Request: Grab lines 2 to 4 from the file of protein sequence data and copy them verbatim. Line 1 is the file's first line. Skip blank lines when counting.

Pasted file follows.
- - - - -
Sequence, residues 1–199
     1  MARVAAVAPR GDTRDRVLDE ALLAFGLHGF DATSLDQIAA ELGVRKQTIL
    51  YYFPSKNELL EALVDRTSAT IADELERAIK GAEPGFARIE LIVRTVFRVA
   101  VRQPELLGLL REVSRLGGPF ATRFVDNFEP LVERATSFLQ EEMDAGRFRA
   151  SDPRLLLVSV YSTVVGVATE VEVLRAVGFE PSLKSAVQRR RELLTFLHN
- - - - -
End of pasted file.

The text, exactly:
     1  MARVAAVAPR GDTRDRVLDE ALLAFGLHGF DATSLDQIAA ELGVRKQTIL
    51  YYFPSKNELL EALVDRTSAT IADELERAIK GAEPGFARIE LIVRTVFRVA
   101  VRQPELLGLL REVSRLGGPF ATRFVDNFEP LVERATSFLQ EEMDAGRFRA